Health Determinants: Nutrition-Related Facts

Health Determinants: Nutrition-Related Facts

Mihaela Cristina Drăgoi (Bucharest University of Economic Studies, Romania)
DOI: 10.4018/978-1-5225-0341-5.ch017
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Abstract

The starting point of this chapter is the Lalonde health model, which takes into account the influence of non-medical factors upon human health. As it turns out, health services contribute to good health to a lesser extent than human behavior and genetic background. Since lifestyle choices and behavior prove to affect human health significantly – both as improvement or deterioration – nutrition habits determine some of the most severe illnesses that health care systems must deal with, also augmenting the burden of disease. This chapter aims at emphasizing the impact of nutrition on individual and societal health using a varied range of indicators regarding food consumption habits among various populations of the EU Member States within the wider context of economic development (GDP/capita, Actual Individual Consumption, access to basic utilities – drinkable water and sewage systems, standards of living etc.).
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Introduction

The health of a population should be perceived and examined in relation to its direct and indirect determinants. According to Marcu (2002), a health determinant is “a factor or any condition that has an effect upon health, or in measurable quantitative terms, has an effect upon the state of health”.

The first example of substantiation of a health strategy based on a model that takes into consideration the major influence upon health of other factors besides medical services, dates from 1974 and can be found in the document known as Lalonde Report1. The conceptual model provided by this report was taken over by A. Dever in 1984 (Figure 1), remaining up to this date a reference model in health policy, due to categorizing health determinants into 4 groups: human biology, health care services, behavior and environment.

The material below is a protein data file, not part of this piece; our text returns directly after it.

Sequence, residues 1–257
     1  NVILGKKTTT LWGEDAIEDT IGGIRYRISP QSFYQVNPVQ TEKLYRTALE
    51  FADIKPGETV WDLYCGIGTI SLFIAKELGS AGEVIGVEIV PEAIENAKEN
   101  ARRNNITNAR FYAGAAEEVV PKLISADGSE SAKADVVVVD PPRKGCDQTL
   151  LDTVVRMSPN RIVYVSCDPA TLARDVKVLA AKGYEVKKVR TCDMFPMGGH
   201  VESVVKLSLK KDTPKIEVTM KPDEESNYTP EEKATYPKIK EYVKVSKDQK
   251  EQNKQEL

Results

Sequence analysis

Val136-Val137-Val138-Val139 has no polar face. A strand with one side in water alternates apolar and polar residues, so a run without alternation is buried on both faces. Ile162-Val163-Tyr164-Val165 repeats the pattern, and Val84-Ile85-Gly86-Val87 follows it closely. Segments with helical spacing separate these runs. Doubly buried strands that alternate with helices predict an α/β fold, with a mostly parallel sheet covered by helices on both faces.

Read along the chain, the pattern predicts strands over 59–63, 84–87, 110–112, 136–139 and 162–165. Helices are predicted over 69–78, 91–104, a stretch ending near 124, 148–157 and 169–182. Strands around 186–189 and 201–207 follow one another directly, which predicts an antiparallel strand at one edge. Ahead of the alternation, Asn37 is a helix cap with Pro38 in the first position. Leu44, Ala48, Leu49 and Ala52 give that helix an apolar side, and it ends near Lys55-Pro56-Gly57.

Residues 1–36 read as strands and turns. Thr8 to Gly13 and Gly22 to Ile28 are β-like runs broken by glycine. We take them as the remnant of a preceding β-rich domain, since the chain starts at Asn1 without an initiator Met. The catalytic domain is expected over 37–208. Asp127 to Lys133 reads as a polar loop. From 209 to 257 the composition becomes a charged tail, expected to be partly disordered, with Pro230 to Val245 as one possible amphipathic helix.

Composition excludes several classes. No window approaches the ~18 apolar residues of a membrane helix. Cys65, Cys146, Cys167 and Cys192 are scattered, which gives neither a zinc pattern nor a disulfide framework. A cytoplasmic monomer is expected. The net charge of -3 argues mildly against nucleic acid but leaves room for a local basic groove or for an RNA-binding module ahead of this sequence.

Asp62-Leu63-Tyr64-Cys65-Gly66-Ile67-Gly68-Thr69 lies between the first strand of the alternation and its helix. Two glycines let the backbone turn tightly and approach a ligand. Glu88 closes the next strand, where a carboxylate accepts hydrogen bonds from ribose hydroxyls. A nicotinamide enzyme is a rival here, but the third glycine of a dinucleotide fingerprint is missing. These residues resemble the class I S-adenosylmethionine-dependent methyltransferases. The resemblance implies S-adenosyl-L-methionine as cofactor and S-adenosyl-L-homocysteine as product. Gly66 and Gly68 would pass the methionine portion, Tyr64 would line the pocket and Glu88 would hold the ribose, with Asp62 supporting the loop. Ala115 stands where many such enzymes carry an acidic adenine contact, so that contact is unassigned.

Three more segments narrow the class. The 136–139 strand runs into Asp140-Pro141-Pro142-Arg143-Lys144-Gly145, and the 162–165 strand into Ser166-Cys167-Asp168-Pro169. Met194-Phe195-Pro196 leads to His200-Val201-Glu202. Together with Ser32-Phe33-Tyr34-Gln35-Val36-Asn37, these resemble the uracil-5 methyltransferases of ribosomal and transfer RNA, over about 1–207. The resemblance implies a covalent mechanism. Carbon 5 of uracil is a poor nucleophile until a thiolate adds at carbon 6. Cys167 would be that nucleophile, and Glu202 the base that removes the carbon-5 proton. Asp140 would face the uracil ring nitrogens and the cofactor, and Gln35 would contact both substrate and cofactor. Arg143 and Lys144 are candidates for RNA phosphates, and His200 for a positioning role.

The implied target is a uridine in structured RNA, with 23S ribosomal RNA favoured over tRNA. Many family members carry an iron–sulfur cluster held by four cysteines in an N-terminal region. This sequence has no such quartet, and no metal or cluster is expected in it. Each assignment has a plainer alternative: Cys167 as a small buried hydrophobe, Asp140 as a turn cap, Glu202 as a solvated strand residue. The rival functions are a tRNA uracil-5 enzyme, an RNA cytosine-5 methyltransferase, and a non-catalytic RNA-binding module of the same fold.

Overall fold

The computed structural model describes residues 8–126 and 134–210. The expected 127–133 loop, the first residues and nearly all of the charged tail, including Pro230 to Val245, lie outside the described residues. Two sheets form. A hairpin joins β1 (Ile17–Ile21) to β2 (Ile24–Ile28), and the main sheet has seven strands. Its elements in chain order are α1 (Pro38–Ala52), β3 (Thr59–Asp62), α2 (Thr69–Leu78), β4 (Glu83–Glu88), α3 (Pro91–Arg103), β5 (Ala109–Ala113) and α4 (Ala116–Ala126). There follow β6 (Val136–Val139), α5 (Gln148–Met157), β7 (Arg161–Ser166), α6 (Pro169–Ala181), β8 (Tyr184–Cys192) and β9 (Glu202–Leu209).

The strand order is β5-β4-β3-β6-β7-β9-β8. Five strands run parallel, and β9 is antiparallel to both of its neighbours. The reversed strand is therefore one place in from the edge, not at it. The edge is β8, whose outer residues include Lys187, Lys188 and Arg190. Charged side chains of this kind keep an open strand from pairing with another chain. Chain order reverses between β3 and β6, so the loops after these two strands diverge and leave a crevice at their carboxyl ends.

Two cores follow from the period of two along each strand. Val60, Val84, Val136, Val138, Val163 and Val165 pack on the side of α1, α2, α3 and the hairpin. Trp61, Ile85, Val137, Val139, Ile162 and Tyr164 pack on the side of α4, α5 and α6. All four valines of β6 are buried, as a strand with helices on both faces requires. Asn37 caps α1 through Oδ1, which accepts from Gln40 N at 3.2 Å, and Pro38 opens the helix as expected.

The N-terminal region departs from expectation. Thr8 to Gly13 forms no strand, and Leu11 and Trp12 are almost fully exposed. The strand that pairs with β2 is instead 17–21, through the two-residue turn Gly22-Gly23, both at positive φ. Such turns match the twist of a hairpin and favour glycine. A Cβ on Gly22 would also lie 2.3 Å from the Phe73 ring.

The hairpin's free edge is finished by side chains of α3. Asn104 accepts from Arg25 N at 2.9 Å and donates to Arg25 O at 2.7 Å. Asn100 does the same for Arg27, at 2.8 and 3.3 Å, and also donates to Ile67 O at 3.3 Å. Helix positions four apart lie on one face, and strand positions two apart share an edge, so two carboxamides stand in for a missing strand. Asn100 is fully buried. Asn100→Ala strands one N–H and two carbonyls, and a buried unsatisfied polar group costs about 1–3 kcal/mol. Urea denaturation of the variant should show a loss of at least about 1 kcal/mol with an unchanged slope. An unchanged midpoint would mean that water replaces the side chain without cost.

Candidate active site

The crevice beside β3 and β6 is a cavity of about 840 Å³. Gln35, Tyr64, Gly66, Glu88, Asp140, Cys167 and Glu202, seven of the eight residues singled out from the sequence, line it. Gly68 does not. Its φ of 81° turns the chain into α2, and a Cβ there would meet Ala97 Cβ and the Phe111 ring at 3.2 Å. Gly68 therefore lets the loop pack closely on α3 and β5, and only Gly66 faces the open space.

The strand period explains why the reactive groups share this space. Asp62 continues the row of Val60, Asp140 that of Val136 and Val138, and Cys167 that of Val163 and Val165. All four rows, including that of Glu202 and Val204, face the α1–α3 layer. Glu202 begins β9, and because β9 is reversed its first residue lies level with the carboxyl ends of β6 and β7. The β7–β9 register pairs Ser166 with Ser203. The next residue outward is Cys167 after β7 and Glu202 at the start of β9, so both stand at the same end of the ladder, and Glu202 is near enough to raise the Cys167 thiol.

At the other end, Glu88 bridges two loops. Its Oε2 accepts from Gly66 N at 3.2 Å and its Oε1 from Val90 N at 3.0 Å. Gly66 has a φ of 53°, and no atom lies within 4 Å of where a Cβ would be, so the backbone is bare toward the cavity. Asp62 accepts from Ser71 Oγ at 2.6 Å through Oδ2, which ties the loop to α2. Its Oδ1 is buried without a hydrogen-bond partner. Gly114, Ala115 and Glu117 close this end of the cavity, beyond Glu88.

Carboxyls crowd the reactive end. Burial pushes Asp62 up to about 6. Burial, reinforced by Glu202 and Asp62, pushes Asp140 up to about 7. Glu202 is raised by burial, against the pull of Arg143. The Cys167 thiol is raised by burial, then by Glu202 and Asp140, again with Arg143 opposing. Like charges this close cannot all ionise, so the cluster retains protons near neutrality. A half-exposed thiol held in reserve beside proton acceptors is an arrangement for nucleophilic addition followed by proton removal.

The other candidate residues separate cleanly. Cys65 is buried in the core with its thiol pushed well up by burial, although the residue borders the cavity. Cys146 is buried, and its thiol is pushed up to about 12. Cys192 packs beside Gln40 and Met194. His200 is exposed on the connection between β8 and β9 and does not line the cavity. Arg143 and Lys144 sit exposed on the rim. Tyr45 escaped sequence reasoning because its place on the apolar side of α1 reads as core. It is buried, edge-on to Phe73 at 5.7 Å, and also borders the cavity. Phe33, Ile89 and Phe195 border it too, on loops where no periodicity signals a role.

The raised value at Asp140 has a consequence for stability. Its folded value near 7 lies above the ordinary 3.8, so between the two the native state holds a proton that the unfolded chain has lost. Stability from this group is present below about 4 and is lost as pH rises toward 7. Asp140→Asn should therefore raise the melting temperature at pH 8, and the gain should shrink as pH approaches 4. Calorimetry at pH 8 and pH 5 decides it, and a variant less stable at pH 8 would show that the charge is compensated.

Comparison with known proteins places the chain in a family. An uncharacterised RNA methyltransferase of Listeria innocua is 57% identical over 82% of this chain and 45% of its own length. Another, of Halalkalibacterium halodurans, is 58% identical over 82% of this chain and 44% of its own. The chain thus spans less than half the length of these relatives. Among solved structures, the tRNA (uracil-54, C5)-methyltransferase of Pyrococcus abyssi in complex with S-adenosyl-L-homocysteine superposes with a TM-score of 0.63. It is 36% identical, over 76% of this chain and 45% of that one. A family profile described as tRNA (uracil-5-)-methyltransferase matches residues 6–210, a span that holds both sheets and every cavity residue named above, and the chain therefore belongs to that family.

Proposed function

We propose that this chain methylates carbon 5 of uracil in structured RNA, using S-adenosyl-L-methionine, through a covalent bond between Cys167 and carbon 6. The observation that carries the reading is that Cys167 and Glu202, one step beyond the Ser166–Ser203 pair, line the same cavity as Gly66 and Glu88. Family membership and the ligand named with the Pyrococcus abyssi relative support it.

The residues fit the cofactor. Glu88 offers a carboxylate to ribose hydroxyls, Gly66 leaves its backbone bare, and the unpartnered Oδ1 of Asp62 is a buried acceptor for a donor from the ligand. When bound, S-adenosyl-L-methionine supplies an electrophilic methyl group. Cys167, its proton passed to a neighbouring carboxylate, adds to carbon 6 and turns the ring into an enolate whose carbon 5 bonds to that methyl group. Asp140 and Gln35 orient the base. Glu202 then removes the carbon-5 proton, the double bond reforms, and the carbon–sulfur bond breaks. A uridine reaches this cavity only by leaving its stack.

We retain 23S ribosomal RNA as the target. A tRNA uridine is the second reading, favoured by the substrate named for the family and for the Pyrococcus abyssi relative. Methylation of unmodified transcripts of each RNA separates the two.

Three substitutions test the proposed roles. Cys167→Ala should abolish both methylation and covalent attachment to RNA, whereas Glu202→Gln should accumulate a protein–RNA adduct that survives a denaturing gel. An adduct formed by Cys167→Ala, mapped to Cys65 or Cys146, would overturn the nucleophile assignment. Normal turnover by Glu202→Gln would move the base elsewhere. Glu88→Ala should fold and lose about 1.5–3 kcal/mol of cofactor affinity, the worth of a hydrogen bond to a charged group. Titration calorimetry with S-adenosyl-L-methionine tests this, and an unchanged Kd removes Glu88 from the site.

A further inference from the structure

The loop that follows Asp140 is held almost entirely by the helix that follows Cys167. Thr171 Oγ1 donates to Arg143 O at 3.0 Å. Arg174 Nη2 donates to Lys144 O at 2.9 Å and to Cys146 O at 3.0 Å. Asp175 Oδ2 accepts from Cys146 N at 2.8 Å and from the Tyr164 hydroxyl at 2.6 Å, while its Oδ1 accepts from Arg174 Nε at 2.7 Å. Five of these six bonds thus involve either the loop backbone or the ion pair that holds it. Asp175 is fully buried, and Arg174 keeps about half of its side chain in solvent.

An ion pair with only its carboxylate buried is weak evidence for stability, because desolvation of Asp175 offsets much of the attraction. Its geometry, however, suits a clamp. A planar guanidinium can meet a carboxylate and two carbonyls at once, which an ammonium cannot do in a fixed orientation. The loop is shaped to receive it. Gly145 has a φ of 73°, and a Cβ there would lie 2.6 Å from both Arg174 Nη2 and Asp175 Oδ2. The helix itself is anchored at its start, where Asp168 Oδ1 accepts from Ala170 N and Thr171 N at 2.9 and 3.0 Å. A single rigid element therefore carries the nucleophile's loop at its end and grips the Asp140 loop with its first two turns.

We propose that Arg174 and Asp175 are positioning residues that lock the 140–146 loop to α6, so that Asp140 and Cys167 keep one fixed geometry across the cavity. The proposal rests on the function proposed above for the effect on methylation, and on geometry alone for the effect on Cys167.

Figure 1.

Determinants of health: The Dever epidemiological model

Source: Dever, 1984

The four categories of factors represented a step forward in understanding the relationships that affect health and in grounding the basis of new types of intervention. Quantitative epidemiologic arguments, which assign to behavioral factors the highest potential influence to improving human health, followed by the biological ones, environmental ones and only afterwards to the medical ones, have motivated interventions that allowed slowdown in growth or even reduction of the frequency of diseases or their consequences. As Drăgoi (2010) points out, the successes recorded in the last three decades for cardiovascular diseases, some cancers or accidents in many developed countries can be explained to a lesser extent by the progress of medical interventions, the role of behavior modification being the most important.

The important factors that influence human health remain poverty, social factors, lifestyle, unemployment, unhealthy housing, environmental pollution, the level of education. These factors require a national approach accompanied by interventions at the community level, which should develop projects involving public and private resources in the community. For this it is of high importance that individuals take responsibility for maintaining or improving their health.

As interpreted by the models described in the available literature, health determinants can be distributed into four groups (Table 1), each group including both direct and indirect determinants.

Table 1.
Groups of health determinants
Determinants1. macroeconomic
2. environmental
3. socio-demographic
4. educational

Source: Author’s synthesis based on literature review

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